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  • It's best to plant, and buy, locally

  • It's tempting, and it happens far too often. No, I'm not talking about eating double-decker ice-cream cones but about buying plants that need to be shipped from a long distance.
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  • It's tempting, and it happens far too often. No, I'm not talking about eating double-decker ice-cream cones but about buying plants that need to be shipped from a long distance.
    Many of us do not know the origin of plants we buy. I hope I can help you see why it is wise to buy things raised locally, as well as getting gardening advice that applies to the Rogue Valley and not to some other area with a far different climate.
    Plants that are grown here are accustomed to local soil and growing conditions. That makes them more adaptable to life in your yard than if they had been grown in Georgia, Southern California or on the East Coast.
    When you purchase locally grown plants, you are supporting local nurseries and farmers. This helps them stay in business, and the money you pay them is much more likely to stay here. Also, if farmers can stay in business and use their land in a profitable way, it helps prevent urban sprawl.
    If you have visited a gas pump lately, you know that fuel costs keep going up. Buying locally helps keep the cost of plants down, as they don't have to be shipped across the country. John Jevons, internationally known speaker and developer of bio-intensive farming methods, says that getting one calorie of strawberry from Watsonville, Calif., to New York City uses 435 calories in transportation alone. Calories, remember, are a measure of energy. The same idea applies whether you are transporting food or plants. Why pay extra to have something shipped if you can buy it locally?
    Local plants are fresher. Local farmers and nurseries can time the maturity and release their plants to market to more exactly meet local demand and conditions. Big-box stores must order months in advance, and when their ship date arrives, the plants arrive whether or not the local weather is ready for them.
    The risk of introducing foreign bugs and diseases is greater if plants come from far away. A local plant producer is much more likely to see a problem developing in its early stages and take steps to control it than is a wholesaler churning out hundreds of thousands of plants.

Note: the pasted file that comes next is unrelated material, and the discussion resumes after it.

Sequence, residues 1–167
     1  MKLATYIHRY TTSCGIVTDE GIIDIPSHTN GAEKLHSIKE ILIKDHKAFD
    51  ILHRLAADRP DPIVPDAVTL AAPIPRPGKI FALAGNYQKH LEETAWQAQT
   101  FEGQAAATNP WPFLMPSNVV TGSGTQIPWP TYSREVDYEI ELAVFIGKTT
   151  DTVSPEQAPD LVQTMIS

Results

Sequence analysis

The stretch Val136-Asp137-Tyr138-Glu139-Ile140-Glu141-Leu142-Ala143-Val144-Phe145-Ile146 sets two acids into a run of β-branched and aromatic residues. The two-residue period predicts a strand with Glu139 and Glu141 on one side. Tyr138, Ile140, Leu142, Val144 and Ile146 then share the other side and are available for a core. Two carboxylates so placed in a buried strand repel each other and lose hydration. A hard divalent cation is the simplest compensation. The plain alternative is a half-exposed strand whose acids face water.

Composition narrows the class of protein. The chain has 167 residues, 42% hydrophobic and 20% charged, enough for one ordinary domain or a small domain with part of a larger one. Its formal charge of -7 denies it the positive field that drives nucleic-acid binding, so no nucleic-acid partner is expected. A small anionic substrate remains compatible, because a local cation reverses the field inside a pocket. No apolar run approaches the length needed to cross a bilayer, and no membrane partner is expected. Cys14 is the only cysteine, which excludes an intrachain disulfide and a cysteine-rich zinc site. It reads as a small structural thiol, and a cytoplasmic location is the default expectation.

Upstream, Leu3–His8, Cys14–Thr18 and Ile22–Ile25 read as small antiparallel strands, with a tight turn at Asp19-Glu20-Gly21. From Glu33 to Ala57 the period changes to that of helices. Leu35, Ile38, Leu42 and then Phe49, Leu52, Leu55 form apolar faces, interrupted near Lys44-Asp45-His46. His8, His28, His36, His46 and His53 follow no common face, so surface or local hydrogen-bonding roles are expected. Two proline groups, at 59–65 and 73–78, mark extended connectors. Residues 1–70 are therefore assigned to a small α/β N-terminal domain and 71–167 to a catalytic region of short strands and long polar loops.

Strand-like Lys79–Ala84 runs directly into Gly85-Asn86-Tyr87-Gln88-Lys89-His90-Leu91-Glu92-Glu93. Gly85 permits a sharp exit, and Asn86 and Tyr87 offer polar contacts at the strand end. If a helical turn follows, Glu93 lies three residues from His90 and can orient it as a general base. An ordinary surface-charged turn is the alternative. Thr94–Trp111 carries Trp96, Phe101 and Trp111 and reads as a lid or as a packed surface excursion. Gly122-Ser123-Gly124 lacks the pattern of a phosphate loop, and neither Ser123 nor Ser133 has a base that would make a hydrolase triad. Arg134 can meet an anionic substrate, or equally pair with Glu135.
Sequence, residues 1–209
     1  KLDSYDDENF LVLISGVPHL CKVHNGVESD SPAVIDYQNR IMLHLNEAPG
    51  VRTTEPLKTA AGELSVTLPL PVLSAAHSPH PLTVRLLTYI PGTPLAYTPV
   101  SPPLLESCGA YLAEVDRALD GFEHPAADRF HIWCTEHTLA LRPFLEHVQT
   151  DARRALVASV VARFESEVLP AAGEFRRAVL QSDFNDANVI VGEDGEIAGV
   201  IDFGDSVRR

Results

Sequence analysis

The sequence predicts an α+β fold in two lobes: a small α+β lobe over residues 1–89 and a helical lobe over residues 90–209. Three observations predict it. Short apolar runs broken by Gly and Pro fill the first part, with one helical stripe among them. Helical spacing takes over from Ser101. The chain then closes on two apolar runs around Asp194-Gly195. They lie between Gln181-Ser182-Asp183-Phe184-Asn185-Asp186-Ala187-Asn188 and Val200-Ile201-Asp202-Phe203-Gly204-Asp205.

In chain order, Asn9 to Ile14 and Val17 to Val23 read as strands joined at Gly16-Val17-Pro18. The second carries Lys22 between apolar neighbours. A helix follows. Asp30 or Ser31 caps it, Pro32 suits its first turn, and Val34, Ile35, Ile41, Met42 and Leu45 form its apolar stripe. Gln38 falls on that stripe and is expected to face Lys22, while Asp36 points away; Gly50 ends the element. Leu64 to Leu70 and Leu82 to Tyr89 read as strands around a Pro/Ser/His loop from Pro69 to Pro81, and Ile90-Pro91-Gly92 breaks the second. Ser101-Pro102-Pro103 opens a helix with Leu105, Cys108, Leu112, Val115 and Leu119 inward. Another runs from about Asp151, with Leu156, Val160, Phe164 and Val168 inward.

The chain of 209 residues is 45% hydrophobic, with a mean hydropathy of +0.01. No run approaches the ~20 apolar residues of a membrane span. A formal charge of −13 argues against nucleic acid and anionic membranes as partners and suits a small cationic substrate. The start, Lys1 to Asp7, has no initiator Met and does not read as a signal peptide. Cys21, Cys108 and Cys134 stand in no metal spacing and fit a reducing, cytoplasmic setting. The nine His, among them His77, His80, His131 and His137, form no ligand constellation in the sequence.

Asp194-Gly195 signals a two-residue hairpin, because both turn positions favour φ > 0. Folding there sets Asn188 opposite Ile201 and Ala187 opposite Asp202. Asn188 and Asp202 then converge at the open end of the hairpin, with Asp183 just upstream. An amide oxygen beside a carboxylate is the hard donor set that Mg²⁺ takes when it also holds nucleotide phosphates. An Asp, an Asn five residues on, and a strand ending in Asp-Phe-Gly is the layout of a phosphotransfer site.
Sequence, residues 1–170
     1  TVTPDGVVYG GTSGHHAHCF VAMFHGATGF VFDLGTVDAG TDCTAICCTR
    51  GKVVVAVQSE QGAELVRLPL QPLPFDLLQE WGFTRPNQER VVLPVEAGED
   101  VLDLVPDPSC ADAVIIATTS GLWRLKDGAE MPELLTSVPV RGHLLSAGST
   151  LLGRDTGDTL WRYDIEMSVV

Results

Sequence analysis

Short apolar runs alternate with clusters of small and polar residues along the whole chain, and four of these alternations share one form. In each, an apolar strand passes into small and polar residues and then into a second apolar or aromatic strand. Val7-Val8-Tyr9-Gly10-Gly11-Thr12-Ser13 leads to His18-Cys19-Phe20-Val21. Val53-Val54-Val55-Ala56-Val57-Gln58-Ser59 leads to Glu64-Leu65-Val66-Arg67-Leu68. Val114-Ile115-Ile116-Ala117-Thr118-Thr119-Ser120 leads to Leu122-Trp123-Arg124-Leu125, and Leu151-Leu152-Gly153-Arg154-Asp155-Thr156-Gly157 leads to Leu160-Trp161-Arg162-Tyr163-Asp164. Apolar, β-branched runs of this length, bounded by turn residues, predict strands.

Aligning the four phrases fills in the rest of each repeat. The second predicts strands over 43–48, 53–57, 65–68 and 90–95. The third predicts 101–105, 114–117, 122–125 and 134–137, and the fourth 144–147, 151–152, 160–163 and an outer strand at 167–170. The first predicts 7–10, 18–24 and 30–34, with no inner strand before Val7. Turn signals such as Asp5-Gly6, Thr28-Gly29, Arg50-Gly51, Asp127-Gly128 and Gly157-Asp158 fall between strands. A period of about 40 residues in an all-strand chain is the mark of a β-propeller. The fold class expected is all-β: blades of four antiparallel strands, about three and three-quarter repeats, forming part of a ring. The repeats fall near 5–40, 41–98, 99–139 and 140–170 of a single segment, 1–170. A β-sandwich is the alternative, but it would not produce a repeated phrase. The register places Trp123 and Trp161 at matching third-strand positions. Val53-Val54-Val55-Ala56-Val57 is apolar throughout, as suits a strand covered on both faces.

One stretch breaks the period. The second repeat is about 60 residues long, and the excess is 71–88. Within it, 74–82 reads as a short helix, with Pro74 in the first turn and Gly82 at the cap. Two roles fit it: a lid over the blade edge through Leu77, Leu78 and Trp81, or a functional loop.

Local growers are a great source of plant knowledge. You can visit your local tree nursery, for example, and get help in picking out just the right tree for your needs. This also gives you a chance to look around the nursery and see what is thriving.
    The Internet can be a great resource for answering garden questions if — that's a big IF — you are looking at the right website. When gathering information, be sure it is from a science-based source that's close to home. Check to see if your source is from a university or other unbiased, reliable place, such as extension.oregonstate.edu/gardening. Many websites exist mainly to sell you something, and are neither science-based nor unbiased.
    If you consult books or magazines for ideas and help, be sure they, too, are talking about climates that are like the Rogue Valley. Check to see where the book or magazine was published. I strongly recommend you buy "Garden Guide for the Rogue Valley" at your local nursery or at the Southern Oregon Research and Extension Center. One volume of the guide focuses on vegetables and berries and the other on landscape plants.
    Coming up: The Master Gardener Spring Garden Fair, on May 4-5, at The Expo in Central Point, will be full of locally grown plants.
    Carol Oneal is a past president of the OSU Jackson County Master Gardeners Association. Email her at diggit1225@gmail.com.
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